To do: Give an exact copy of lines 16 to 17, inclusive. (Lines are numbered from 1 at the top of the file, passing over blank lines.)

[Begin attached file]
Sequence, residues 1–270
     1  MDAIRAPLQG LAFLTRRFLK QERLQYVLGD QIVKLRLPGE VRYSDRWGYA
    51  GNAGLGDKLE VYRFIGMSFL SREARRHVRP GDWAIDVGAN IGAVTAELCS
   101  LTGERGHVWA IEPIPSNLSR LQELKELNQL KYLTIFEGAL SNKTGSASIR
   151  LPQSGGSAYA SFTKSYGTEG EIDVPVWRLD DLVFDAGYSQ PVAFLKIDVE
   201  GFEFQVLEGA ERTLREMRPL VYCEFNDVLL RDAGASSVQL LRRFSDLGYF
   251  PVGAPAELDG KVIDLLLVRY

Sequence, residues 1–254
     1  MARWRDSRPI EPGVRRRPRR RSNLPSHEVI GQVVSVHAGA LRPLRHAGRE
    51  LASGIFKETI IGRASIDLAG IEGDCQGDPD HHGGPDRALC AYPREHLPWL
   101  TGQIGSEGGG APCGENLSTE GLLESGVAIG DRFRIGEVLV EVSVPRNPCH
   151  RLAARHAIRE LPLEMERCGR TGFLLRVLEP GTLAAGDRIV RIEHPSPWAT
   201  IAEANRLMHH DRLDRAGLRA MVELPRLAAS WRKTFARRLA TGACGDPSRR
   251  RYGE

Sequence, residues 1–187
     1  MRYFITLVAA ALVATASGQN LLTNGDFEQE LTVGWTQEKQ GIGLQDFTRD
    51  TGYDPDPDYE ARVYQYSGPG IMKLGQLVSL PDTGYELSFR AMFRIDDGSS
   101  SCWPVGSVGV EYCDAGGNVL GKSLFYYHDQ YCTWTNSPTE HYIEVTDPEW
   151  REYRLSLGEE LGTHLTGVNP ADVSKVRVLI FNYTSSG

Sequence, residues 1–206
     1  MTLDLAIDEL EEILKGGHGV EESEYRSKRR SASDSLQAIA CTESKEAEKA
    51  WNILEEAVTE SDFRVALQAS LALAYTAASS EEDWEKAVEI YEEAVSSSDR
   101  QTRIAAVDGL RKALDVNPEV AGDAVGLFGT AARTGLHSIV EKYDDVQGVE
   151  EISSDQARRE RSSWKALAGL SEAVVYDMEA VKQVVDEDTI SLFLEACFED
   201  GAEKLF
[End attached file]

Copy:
     1  MRYFITLVAA ALVATASGQN LLTNGDFEQE LTVGWTQEKQ GIGLQDFTRD
    51  TGYDPDPDYE ARVYQYSGPG IMKLGQLVSL PDTGYELSFR AMFRIDDGSS